When a concerned mother in Houston, Texas, named Melissa sent her son to a residential treatment center in Provo, Utah, it was not a decision that she ever thought she would confront.

“You just wouldn’t think a Jewish mother would ever have to consider sending her 17-year-old son to Utah for serious intervention,” Melissa, who preferred to now use her last name, said of that fateful day two years ago.

Known among social workers as RTCs, residential treatment centers provide live-in therapy and behavior modification exercises for adolescents with a variety of conditions, ranging from drug abuse to violent outbursts to eating disorders. Some are lock-down facilities where students may not leave the premises, and in the state of Utah, a parent can send a minor child to an RTC without his or her consent. As a result of this law, there are at least 30 such centers in the state.

Melissa drove across the state, visiting the various boarding schools and, she says, “feeling very alone” and confused. Though religion was the “last thing” on her mind in finding a school for her son, she did worry that some programs may implant non-Jewish beliefs in her son’s head or otherwise threaten his Jewish identity. After days of driving and just a few hours before the onset of the Sabbath, Melissa received a call from Rabbi Benny Zippel, director of Chabad-Lubavitch of Utah.

Zippel runs Project HEART – the name stands for Hebrew Education for At Risk Teens – and comforted Melissa, educating her about the various programs available. He also indicated which were more open to Judaism and which would be best for her son Matthew.

The rabbi has been providing such counseling for close to 20 years. Just a few months after Zippel and his family moved from Brooklyn, N.Y., to Salt Lake City, he received a desperate call from a mother whose 15-year-old son was at an RTC in Provo. After Zippel visited and celebrated Chanukah with the boy, he realized that there were hundreds of other Jewish students throughout the state in such programs. As a result, he founded Project HEART in an attempt to reach out to the more than 200 Jewish teens from around the world in treatment in Utah.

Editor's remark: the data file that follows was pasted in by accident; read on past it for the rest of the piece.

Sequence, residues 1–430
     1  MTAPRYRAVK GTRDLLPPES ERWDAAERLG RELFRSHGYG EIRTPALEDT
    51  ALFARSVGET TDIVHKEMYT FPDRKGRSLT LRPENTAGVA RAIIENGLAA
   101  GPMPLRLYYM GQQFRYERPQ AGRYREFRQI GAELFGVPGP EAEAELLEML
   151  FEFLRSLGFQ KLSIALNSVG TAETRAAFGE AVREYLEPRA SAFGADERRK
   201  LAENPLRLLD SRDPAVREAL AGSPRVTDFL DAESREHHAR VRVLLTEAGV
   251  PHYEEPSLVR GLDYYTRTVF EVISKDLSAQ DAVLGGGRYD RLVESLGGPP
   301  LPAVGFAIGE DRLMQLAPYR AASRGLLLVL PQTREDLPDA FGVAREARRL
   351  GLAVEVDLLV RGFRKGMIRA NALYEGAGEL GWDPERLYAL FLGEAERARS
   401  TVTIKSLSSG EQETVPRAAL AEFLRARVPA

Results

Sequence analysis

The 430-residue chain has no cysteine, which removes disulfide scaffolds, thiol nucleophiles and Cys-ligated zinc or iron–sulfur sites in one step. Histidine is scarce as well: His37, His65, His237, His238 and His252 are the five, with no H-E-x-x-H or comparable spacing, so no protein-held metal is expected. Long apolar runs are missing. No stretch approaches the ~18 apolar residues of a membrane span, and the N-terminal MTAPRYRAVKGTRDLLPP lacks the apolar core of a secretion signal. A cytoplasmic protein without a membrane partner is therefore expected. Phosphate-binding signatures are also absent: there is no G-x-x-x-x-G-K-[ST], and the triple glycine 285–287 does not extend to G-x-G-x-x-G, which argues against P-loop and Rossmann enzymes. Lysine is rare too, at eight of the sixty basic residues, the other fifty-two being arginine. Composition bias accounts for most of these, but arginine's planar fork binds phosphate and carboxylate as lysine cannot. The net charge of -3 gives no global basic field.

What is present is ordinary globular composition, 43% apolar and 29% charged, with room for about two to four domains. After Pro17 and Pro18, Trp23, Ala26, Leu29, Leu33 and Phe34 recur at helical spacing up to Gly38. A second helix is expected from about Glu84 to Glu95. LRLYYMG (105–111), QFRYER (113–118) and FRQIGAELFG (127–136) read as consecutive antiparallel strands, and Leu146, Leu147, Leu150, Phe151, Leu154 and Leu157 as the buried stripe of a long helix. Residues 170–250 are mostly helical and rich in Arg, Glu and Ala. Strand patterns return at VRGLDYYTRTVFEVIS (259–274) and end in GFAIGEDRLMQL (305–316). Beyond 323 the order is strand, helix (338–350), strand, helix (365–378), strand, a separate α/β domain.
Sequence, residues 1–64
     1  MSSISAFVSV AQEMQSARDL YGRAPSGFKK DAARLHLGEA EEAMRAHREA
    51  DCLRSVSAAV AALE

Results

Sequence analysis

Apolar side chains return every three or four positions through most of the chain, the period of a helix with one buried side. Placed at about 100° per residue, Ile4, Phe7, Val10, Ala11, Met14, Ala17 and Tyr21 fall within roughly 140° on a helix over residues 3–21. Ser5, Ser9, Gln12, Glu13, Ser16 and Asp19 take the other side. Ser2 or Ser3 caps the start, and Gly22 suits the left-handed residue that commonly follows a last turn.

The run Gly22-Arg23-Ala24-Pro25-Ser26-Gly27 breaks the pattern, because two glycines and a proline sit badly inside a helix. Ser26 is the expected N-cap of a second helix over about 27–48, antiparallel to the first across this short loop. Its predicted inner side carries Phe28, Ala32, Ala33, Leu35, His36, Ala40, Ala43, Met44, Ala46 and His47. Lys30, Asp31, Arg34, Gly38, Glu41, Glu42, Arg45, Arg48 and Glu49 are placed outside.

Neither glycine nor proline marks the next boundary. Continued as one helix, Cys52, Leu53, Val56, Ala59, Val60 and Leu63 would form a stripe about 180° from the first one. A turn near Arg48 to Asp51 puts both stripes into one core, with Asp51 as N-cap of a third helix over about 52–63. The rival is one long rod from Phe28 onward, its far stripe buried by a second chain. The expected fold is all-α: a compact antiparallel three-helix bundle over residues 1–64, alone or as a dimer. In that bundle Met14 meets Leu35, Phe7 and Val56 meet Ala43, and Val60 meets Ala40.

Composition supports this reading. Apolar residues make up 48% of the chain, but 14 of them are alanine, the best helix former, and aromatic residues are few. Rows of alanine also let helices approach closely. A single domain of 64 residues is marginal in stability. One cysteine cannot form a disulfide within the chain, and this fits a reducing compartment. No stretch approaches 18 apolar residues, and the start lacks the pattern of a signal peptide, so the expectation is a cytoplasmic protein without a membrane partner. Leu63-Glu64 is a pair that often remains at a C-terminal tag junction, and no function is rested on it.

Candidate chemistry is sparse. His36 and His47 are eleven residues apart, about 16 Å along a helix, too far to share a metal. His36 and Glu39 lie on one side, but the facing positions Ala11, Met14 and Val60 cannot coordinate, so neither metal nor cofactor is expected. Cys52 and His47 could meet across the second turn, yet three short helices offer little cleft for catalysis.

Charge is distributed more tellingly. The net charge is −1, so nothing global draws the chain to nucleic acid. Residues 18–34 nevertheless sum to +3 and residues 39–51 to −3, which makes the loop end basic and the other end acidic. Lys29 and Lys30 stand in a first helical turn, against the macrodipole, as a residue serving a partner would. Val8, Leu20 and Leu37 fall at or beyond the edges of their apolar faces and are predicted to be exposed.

Every week, Zippel drives across Utah’s at-times treacherous terrain, to visit some 100 Jewish adolescents, ranging from 10 to 18 years in age. During each visit, he provides kosher snacks, teaches something about the weekly Torah portion or upcoming Jewish holiday and works to establish a comfortable relationship with the teen. Zippel has seen many of the teens return home and reconcile with their parents, go off to college or even yeshiva, get married and reenter the world as functioning adults.

Rabbi Benny Zippel helps one of the teenagers.
Rabbi Benny Zippel helps one of the teenagers.

“These Jewish kids have been sent away from home by their parents and in many cases have bad relationships with them. They’re struggling with identity and are trying to figure out about themselves,” says Zippel. “My message is to connect to oneself and to G‑d and to make them aware of the remarkable potential within them. I remind them that they’re Jewish, that Judaism has a place for them, and help them to discover the inherent goodness that is inside them.”

One month after Matthew enrolled in Provo’s Discovery Academy, Zippel drove five hours to visit him. Since that first meeting, the two developed a deep bond during weekly visits; Matthew now dons the prayer boxes known as tefillin and prays daily. Matthew had asked his mother if he could visit Zippel’s home and synagogue during the one weekend that he would be permitted to leave campus. Zippel would call Melissa frequently to inform her of her son’s progress and allay any concerns she may have had.

“Rabbi Zippel is really a gift from G‑d. His work is so badly needed. He’s saving our youth one person at a time. He does the most difficult drives and never asks for anything in return,” says Melissa. “Matthew says how ‘cool’ the rabbi is, and even suggested that he become a rabbi himself so that he could help people the way Rabbi Zippel does. Rabbi Zippel makes sure that these children aren’t lost and that their spiritual needs are met.”

Dale Marcus, from Highland Park, Ill., met Zippel in 2005 when his 15-year-old son was also in Provo. In addition to educating the Marcuses about the various RTC programs and suggesting a proper fit for their son, Zippel developed a bond with the teen and helped him from “an emotional standpoint.”

“He really gave him important moral support and helped him maintain his Jewish identity. This is an invaluable role in terms of helping families and the students,” says Marcus, whose son went on to attend college. “He’s a wonderful man whose work is instrumental. We could use another one of him.”